France the French Republic, is a country whose territory consists of metropolitan France in Western Europe and several overseas regions and territories. The metropolitan area of France extends from the Mediterranean Sea to the English Channel and the North Sea, from the Rhine to the Atlantic Ocean, it is bordered by Belgium and Germany to the northeast and Italy to the east, Andorra and Spain to the south. The overseas territories include French Guiana in South America and several islands in the Atlantic and Indian oceans; the country's 18 integral regions span a combined area of 643,801 square kilometres and a total population of 67.3 million. France, a sovereign state, is a unitary semi-presidential republic with its capital in Paris, the country's largest city and main cultural and commercial centre. Other major urban areas include Lyon, Toulouse, Bordeaux and Nice. During the Iron Age, what is now metropolitan France was inhabited by a Celtic people. Rome annexed the area in 51 BC, holding it until the arrival of Germanic Franks in 476, who formed the Kingdom of Francia.
The Treaty of Verdun of 843 partitioned Francia into Middle Francia and West Francia. West Francia which became the Kingdom of France in 987 emerged as a major European power in the Late Middle Ages following its victory in the Hundred Years' War. During the Renaissance, French culture flourished and a global colonial empire was established, which by the 20th century would become the second largest in the world; the 16th century was dominated by religious civil wars between Protestants. France became Europe's dominant cultural and military power in the 17th century under Louis XIV. In the late 18th century, the French Revolution overthrew the absolute monarchy, established one of modern history's earliest republics, saw the drafting of the Declaration of the Rights of Man and of the Citizen, which expresses the nation's ideals to this day. In the 19th century, Napoleon established the First French Empire, his subsequent Napoleonic Wars shaped the course of continental Europe. Following the collapse of the Empire, France endured a tumultuous succession of governments culminating with the establishment of the French Third Republic in 1870.
France was a major participant in World War I, from which it emerged victorious, was one of the Allies in World War II, but came under occupation by the Axis powers in 1940. Following liberation in 1944, a Fourth Republic was established and dissolved in the course of the Algerian War; the Fifth Republic, led by Charles de Gaulle, remains today. Algeria and nearly all the other colonies became independent in the 1960s and retained close economic and military connections with France. France has long been a global centre of art and philosophy, it hosts the world's fourth-largest number of UNESCO World Heritage Sites and is the leading tourist destination, receiving around 83 million foreign visitors annually. France is a developed country with the world's sixth-largest economy by nominal GDP, tenth-largest by purchasing power parity. In terms of aggregate household wealth, it ranks fourth in the world. France performs well in international rankings of education, health care, life expectancy, human development.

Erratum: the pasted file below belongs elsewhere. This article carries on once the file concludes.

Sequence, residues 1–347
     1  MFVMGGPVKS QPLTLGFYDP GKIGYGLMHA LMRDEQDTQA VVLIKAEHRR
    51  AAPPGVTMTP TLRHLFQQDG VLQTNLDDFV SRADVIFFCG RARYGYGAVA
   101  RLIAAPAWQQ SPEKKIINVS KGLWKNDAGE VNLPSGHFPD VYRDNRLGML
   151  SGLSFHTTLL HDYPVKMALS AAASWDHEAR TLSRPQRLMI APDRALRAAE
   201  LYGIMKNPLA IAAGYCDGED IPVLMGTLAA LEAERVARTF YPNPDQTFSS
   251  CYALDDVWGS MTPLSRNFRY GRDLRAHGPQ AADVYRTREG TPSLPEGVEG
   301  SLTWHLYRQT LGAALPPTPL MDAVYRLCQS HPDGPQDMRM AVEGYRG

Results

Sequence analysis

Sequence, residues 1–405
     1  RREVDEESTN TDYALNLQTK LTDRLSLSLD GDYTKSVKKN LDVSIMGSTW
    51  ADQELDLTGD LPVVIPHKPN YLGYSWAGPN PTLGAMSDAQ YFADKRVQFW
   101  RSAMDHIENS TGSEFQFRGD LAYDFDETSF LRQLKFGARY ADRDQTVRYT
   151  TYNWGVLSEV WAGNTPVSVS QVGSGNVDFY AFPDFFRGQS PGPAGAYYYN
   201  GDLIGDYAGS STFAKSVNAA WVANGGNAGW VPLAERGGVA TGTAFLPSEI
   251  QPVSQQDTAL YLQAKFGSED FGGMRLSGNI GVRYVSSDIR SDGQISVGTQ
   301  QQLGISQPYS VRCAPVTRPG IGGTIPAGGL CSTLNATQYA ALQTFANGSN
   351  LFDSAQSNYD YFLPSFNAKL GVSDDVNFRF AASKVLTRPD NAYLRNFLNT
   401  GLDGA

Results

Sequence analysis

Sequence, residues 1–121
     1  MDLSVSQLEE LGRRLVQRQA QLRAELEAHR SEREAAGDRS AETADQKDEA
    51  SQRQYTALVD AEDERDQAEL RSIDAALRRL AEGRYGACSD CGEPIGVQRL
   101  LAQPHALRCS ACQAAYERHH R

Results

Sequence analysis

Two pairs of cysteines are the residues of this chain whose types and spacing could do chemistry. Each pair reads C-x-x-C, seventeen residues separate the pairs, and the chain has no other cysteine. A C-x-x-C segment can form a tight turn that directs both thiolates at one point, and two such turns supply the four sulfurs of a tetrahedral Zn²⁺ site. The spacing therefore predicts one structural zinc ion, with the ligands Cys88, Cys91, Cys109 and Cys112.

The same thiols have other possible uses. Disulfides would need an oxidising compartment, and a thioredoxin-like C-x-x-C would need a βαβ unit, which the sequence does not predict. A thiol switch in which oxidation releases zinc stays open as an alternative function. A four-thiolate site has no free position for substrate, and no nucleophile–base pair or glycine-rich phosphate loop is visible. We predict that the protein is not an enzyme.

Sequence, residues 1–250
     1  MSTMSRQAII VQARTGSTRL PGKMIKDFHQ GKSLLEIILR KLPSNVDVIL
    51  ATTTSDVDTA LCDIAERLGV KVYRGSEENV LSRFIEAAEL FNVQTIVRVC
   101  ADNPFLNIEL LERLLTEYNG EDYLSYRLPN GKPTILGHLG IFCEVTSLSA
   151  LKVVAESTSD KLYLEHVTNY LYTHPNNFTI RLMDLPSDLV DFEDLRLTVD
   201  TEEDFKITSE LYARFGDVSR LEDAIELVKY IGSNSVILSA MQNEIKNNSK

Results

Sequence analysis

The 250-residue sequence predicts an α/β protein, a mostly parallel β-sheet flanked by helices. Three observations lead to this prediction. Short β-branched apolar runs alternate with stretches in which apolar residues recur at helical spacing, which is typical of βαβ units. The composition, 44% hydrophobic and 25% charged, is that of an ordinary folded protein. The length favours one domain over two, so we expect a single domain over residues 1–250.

France is considered a great power in global affairs, being one of the five permanent members of the United Nations Security Council with the power to veto and an official nuclear-weapon state. It is a leading member state of the European Union and the Eurozone, a member of the Group of 7, North Atlantic Treaty Organization, Organisation for Economic Co-operation and Development, the World Trade Organization, La Francophonie. Applied to the whole Frankish Empire, the name "France" comes from the Latin "Francia", or "country of the Franks". Modern France is still named today "Francia" in Italian and Spanish, "Frankreich" in German and "Frankrijk" in Dutch, all of which have more or less the same historical meaning. There are various theories as to the origin of the name Frank. Following the precedents of Edward Gibbon and Jacob Grimm, the name of the Franks has been linked with the word frank in English, it has been suggested that the meaning of "free" was adopted because, after the conquest of Gaul, only Franks were free of taxation.
Another theory is that it is derived from the Proto-Germanic word frankon, which translates as javelin or lance as the throwing axe of the Franks was known as a francisca. However, it has been determined that these weapons were named because of their use by the Franks, not the other way around; the oldest traces of human life in what is now France date from 1.8 million years ago. Over the ensuing millennia, Humans were confronted by a harsh and variable climate, marked by several glacial eras. Early hominids led a nomadic hunter-gatherer life. France has a large number of decorated caves from the upper Palaeolithic era, including one of the most famous and best preserved, Lascaux. At the end of the last glacial period, the climate became milder. After strong demographic and agricultural development between the 4th and 3rd millennia, metallurgy appeared at the end of the 3rd millennium working gold and bronze, iron. France has numerous megalithic sites from the Neolithic period, including the exceptiona